Year: 2011

타자연습

Thank goodness I learned touch typing back some ten years ago, otherwise high school and college would have been a very painful experience.  Much, in fact, like the experience I’m having typing in Korean right now. For the past year, I’ve been using the “soft” (i.e. onscreen) Korean keyboard that comes with the Microsoft Windows IME – so basically, using my mouse to input each Hangeul character.  It’s slow and unnecessarily abusive to my poor index finger.  My netbook, which runs Windows 7, doesn’t come with the soft keyboard so I finally have to face the harsh reality of learning how to type again.  This time, in Korean. A while back, I made my own Hangeul stickers and had them on my keyboard for a couple months before they all started to fall off.  That gave me a general idea of where all the characters are but unfortunately my speed and accuracy are nowhere near that of my English typing ability.  This clearly has to change or I’ll start to hate typing in Korean, which means …

Skype call in Korean

It’s been nearly two years since I first started learning Korean.  I’m not sure if I’ve spent this time effectively enough or if I even have anything to show for it – all I know is that I’ve enjoyed every single step I’ve taken to get to where I am today.  I’m really grateful for all my fellow bloggers and friends who’ve encouraged and helped me in every way.  Hope you are all having a very happy holiday season. This week, for the first time since I started learning Korean, I spoke in Korean to a Korean friend of mine through skype.  Usually, I’m pretty paranoid about giving out my contact information and/or talking to people I’ve just met over the internet but I had met this particular friend through me2day over the summer and we’d talked on and off.  He seemed quite nice!  He usually commented on all of my me2day posts, engaged me in conversation, and always offered to help me whenever I had questions about Korean.  I learned about 수능 through him as …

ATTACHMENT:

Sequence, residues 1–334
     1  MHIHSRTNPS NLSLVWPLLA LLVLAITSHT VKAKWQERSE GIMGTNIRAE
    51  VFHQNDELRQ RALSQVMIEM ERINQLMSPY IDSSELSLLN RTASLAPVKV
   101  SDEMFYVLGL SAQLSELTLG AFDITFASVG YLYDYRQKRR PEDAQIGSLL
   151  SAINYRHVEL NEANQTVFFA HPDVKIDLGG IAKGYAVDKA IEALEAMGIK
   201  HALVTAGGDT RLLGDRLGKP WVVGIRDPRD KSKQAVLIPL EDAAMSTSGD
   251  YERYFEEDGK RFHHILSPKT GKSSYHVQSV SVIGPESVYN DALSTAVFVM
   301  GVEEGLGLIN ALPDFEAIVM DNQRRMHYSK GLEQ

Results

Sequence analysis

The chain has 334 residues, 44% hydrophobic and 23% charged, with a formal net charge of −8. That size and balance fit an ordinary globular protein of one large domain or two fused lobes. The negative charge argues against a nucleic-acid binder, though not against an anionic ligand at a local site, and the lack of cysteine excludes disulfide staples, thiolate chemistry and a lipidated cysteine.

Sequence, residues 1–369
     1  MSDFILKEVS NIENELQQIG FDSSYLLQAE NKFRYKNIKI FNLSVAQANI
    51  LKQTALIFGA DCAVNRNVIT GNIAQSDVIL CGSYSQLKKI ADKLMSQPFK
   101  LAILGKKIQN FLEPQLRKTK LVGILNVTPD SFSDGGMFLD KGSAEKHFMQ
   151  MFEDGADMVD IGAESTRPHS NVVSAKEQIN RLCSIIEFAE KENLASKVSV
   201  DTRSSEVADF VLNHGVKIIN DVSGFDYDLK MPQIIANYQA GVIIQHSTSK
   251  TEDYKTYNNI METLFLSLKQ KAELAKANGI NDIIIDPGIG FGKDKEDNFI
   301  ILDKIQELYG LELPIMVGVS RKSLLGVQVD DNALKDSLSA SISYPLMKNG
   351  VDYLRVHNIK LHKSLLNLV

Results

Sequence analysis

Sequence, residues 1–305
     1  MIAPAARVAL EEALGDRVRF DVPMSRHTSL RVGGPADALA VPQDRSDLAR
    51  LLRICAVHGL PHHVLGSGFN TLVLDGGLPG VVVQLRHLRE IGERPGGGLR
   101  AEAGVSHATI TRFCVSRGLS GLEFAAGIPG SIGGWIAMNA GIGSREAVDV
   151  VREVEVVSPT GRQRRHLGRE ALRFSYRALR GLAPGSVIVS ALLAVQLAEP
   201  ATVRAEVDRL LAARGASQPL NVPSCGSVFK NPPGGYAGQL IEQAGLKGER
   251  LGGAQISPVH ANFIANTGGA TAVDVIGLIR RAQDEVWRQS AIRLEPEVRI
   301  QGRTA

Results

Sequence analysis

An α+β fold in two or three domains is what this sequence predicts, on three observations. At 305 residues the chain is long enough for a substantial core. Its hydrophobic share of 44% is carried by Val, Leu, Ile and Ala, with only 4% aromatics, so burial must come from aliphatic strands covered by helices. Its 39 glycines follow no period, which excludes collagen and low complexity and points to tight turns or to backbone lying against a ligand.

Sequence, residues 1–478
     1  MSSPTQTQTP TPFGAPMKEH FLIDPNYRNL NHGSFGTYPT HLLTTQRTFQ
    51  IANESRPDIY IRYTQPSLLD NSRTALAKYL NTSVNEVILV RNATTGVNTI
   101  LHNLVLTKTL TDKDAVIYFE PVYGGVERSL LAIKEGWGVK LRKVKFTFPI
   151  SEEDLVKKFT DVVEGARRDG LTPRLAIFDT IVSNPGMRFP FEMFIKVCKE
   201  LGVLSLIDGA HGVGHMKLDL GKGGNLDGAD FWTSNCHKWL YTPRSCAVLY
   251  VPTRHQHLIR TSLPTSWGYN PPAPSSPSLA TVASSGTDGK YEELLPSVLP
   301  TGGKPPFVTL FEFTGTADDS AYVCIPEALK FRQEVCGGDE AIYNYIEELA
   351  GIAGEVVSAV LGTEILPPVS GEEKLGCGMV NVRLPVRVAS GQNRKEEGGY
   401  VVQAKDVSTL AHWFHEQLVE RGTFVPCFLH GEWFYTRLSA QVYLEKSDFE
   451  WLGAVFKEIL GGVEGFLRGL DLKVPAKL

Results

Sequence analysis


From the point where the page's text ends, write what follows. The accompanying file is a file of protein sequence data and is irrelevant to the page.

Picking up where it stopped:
The Language Fossils Buried in Every Cell of Your Body

Just stopping by to say that I am very much alive and still learning Korean despite the horrors rigors of graduate school.  How is everyone doing? :) A couple months ago, I stumbled across this interesting article in Discover Magazine that I think is worth sharing: The Language Fossils Buried in Every Cell of Your Body (click to read the article). The article is about a certain gene known as FOXP2 which may, at least in part, be involved in the acquisition of language in humans.  As the article states: FOXP2 didn’t give us language all on its own. In our brains, it acts more like a foreman, handing out instructions to at least 84 target genes in the developing basal ganglia. Even this full crew of genes explains language only in part, because the ability to form words is just the beginning. Then comes the higher level of complexity: combining words according to rules of grammar to give them meaning. First of all, this is exciting.  I don’t care if you don’t like science but the idea that scientists …